Autism research: Younger diagnosis can help jump start early intervention

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Saturday, August 10, 2019
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A new study could help change how early autism is diagnosed, and that earlier diagnosis may have a positive impact on a child's development.

A new study could help change how early autism is diagnosed, and that earlier diagnosis may have a positive impact on a child's development.

The American Academy of Pediatrics suggests kids be first screened for autism at 18 months.

Autism, which is also known as autism spectrum disorder, is characterized by challenges with social skills, repetitive behaviors, speech and nonverbal communication

Scientists from Southwest Autism Research and Resource Center or SAARC, began to screen kids at their year well baby checkup -- six months earlier than recommended. That has resulted in diagnoses and treatment years earlier.

Aiden DeCarlo was diagnosed with autism at 19 months in the early intervention study. He's been coming to SARRC for nearly a year.

"Big things that we see are in socialization. He enjoys playing around with friends. He really enjoys coming to school," said Aiden's dad Alex DeCarlo.

Before he came to SARRC, there were tantrums because he couldn't communicate. In fact, Amber Snowden, Aiden's mom says he was communicating at a 5-month-old's level.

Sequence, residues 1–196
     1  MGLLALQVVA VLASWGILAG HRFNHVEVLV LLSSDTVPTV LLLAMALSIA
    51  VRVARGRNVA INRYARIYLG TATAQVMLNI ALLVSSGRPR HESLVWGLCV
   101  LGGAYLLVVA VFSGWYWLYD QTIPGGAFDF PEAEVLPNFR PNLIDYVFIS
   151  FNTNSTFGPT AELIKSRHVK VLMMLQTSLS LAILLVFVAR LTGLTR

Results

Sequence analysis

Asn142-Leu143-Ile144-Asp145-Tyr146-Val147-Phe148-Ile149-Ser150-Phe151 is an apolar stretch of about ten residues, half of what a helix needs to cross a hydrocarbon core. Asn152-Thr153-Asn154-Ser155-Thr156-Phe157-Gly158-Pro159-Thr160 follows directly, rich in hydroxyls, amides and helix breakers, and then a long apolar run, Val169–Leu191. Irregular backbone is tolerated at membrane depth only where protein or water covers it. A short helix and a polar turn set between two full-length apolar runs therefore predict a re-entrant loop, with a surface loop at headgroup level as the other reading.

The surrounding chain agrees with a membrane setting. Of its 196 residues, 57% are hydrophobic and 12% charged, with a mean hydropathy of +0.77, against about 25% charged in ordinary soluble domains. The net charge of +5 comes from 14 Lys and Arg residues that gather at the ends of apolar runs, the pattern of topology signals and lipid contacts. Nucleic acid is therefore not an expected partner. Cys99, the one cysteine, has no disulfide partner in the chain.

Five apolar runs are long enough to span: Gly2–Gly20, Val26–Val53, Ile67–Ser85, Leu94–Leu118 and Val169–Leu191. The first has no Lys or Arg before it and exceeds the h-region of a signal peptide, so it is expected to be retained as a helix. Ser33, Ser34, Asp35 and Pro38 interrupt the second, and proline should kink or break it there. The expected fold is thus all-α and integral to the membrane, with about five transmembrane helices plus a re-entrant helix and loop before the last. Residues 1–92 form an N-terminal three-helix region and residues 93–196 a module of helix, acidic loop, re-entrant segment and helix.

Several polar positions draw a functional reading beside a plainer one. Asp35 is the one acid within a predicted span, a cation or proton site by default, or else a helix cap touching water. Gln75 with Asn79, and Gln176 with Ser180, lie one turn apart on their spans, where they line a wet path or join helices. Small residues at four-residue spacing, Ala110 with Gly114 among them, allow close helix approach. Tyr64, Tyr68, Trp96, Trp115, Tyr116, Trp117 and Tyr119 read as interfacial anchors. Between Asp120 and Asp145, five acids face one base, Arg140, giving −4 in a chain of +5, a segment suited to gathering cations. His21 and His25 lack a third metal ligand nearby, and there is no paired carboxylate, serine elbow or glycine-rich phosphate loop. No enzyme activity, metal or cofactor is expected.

She's impressed with his progress.

She said, "He's now at between 2 and 2 1/2. In nine months, he's gained a year and a half."

SARRC research director Christopher J Smith, PhD launched the study five years ago. One hundred and nine pediatricians used a standardized questionnaire in well baby checkups at 12, 18 and 24 months. Diagnosis age plummeted from 55 months to an average of 22.

Smith said, "What we want to do is not wait until we see absolutely clear impairments. We want to act on those early warning signs and get parents to seek an evaluation sooner so they can get into treatment sooner."

Families were referred to SARRC if screenings showed delays.

Aiden was getting help more than two years before he might have been diagnosed if he hadn't been part of the study.

"We took all of that lost time that happens as a result of the standard procedure of screening and diagnosing and gave that back to the family that they could better spend on intervention and helping their child move forward," Smith said.

Amber shared, "To see him in the not even a year that he's already here at SARRC, how much he's progressed is just completely amazing."

Treatment for autism is different for all people. Each treatment or intervention needs to be structured specifically to each individual patient. And intervention can involve behavioral treatments, medicines or both.

The study ended in June, but the early screenings and diagnoses will continue thanks to funding from Arizona Complete Health.

Smith is working to expand use of the standardized questionnaire and to train more pediatricians and diagnosticians, so families don't have to wait so long for diagnosis and intervention.

He says early intervention is the single best way to help kids with autism reach their potential.